When God Speaks, What Comes to Be?
By Cardinal George, Archbishop of Chicago since 1997, also serves as President of the United States Conference of Catholic Bishops and is a native Chicagoan.
Today we take it for granted that words should be produced and reproduced electronically, as in this blog. Young people, I’m told, go to electronic sources for news, for research, for conversation. For four hundred years, words were mostly reproduced mechanically, by printing press. Before that, for many centuries, they were reproduced manually. Before that, they had to be repeated only orally, from one storyteller to another.
From all eternity, God spoke to himself. His eternal Word became flesh in the womb of the Virgin Mary nine months before being born in Bethlehem. We use many words to express our scattered thoughts; God speaks only One. God speaks to himself first of all, then to the world he creates out of nothing, then to his human creatures, when the Word became flesh. The Christmas Gospel, the beginning of the Gospel according to St. John, echoes and completes the book of Genesis, the first book of the bible: “In the beginning was the Word.”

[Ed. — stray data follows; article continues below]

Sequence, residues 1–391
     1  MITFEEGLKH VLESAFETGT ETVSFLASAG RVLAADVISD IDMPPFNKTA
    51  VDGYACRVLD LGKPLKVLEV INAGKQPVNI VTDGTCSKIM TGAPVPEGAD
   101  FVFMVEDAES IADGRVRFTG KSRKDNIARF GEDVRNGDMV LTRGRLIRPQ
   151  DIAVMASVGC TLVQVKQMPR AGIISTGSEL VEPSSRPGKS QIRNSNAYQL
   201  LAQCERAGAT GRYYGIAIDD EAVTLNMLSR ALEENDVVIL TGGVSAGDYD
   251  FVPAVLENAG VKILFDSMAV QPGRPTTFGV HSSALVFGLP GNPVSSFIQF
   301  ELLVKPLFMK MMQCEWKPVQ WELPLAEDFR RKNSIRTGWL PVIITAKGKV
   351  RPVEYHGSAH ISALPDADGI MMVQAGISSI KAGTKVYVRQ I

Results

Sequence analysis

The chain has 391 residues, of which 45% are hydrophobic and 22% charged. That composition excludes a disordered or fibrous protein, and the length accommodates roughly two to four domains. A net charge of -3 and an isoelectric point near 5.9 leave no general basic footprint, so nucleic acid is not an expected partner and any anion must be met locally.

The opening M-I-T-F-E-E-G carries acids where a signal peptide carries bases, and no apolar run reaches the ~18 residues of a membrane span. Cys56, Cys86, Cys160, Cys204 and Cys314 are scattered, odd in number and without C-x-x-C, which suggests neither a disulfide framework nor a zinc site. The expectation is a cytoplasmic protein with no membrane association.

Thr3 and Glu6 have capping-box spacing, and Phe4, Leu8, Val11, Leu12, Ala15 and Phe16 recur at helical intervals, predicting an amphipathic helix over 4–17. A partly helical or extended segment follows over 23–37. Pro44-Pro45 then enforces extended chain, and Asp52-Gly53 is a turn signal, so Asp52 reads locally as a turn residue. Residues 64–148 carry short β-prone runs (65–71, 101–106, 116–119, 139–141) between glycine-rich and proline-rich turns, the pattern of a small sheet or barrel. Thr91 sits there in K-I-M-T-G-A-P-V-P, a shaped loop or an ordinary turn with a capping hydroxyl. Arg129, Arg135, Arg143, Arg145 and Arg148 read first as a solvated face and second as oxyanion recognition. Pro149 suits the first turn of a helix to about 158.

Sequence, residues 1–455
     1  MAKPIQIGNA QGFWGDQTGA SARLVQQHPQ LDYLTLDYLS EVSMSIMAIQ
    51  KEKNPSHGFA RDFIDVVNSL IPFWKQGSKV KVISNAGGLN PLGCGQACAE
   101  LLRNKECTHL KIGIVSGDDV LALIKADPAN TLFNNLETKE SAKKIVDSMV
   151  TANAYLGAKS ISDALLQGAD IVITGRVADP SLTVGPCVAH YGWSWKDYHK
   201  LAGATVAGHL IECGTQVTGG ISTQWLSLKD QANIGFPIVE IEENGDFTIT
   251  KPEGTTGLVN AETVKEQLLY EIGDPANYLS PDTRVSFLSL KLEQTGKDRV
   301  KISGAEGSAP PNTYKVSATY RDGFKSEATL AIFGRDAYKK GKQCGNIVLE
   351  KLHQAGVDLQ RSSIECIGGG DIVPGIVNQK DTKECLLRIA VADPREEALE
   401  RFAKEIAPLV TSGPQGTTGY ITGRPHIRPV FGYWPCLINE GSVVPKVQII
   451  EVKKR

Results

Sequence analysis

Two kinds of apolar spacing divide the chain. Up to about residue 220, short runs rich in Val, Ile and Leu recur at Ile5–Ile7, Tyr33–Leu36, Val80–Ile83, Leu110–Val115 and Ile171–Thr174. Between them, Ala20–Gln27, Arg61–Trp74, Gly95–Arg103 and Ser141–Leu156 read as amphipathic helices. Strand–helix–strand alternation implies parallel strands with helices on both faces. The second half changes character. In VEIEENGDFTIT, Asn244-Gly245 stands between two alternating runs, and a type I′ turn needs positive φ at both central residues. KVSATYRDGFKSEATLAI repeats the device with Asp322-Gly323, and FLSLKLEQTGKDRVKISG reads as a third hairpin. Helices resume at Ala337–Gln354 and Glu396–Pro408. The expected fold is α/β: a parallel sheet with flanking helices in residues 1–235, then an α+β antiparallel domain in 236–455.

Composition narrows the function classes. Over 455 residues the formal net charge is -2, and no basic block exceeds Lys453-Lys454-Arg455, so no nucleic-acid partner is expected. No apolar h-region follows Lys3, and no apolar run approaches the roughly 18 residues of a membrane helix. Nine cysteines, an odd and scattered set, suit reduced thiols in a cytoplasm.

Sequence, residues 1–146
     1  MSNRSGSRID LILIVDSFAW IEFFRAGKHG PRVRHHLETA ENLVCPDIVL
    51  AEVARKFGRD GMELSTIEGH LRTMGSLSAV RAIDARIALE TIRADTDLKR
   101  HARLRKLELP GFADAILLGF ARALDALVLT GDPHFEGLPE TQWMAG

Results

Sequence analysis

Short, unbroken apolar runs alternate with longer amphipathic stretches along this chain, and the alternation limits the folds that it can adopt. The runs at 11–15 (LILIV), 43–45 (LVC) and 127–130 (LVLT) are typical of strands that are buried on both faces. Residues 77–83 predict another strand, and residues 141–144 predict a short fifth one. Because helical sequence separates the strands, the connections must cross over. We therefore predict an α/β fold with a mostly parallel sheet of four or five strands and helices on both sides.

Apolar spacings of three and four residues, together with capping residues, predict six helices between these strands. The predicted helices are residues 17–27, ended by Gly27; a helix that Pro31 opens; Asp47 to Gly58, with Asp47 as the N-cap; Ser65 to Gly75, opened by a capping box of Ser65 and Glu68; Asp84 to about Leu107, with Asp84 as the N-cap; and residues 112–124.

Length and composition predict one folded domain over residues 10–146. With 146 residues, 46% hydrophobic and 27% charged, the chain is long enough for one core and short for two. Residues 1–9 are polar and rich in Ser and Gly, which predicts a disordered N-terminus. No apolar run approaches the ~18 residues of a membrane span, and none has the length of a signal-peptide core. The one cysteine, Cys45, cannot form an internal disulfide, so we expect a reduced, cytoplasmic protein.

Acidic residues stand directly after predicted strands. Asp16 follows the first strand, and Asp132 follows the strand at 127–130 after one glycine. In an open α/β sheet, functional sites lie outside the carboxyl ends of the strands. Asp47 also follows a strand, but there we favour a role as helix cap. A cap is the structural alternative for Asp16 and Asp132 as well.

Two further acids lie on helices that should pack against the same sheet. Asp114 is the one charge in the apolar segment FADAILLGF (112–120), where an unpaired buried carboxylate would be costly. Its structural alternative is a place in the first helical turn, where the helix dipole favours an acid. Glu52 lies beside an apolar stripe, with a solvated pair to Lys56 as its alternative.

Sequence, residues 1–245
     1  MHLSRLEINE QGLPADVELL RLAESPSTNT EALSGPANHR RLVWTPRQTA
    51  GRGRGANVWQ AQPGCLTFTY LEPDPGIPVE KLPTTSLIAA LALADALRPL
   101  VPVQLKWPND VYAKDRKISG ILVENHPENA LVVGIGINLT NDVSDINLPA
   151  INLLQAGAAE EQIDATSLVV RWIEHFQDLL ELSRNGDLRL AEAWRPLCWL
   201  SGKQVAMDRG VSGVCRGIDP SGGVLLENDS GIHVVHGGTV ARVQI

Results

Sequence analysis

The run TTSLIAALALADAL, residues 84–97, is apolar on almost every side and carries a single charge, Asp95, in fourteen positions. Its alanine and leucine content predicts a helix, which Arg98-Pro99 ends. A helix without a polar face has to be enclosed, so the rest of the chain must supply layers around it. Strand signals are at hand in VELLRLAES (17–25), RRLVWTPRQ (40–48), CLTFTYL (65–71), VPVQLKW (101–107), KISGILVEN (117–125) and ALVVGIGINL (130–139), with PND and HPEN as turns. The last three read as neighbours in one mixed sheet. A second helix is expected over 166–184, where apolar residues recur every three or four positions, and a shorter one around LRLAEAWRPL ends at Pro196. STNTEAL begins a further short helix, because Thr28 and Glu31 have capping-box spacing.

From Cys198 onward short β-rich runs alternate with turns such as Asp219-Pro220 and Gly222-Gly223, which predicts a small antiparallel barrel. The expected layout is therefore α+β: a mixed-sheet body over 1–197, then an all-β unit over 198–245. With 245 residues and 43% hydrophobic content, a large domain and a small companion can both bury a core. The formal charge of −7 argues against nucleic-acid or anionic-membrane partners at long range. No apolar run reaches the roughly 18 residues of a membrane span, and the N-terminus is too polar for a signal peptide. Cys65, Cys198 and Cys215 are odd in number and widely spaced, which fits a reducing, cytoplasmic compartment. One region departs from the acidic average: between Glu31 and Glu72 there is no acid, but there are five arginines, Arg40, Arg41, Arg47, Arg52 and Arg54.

The pagan gods of ages past, the statues of Zeus and Minerva, were mute; they were speechless and inert idols. The gods that some people seem to worship today—automobiles, houses, mechanical and electronic equipment—are lifeless and mute, even when some of them reproduce human speech. The true God speaks. At Christmas we rejoice in his Word made our flesh, because our nature is taken up into the mystery of who God is. The letter to the Hebrews, also from the Christmas Day Mass, sums it up: “In times past, God spoke in partial and various ways to our ancestors through the prophets; in these last days, he has spoken to us through the Son, through whom he created the universe, who is the refulgence of his glory, the very imprint of his being, and who sustains all things by his mighty word.”